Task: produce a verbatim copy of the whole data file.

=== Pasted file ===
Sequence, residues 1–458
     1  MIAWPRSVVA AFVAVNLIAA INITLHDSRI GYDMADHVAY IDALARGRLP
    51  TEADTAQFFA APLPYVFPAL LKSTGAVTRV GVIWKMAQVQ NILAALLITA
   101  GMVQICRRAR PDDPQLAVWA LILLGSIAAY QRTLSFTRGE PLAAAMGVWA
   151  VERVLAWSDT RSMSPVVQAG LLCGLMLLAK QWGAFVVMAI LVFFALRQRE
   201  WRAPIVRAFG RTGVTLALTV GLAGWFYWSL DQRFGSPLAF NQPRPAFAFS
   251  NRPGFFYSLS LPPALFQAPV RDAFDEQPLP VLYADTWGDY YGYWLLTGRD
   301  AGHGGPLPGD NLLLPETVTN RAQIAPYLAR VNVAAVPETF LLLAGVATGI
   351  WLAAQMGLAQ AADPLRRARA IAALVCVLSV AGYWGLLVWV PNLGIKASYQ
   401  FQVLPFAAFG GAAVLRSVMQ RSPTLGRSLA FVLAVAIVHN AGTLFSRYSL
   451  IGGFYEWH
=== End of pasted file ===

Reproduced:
Sequence, residues 1–458
     1  MIAWPRSVVA AFVAVNLIAA INITLHDSRI GYDMADHVAY IDALARGRLP
    51  TEADTAQFFA APLPYVFPAL LKSTGAVTRV GVIWKMAQVQ NILAALLITA
   101  GMVQICRRAR PDDPQLAVWA LILLGSIAAY QRTLSFTRGE PLAAAMGVWA
   151  VERVLAWSDT RSMSPVVQAG LLCGLMLLAK QWGAFVVMAI LVFFALRQRE
   201  WRAPIVRAFG RTGVTLALTV GLAGWFYWSL DQRFGSPLAF NQPRPAFAFS
   251  NRPGFFYSLS LPPALFQAPV RDAFDEQPLP VLYADTWGDY YGYWLLTGRD
   301  AGHGGPLPGD NLLLPETVTN RAQIAPYLAR VNVAAVPETF LLLAGVATGI
   351  WLAAQMGLAQ AADPLRRARA IAALVCVLSV AGYWGLLVWV PNLGIKASYQ
   401  FQVLPFAAFG GAAVLRSVMQ RSPTLGRSLA FVLAVAIVHN AGTLFSRYSL
   451  IGGFYEWH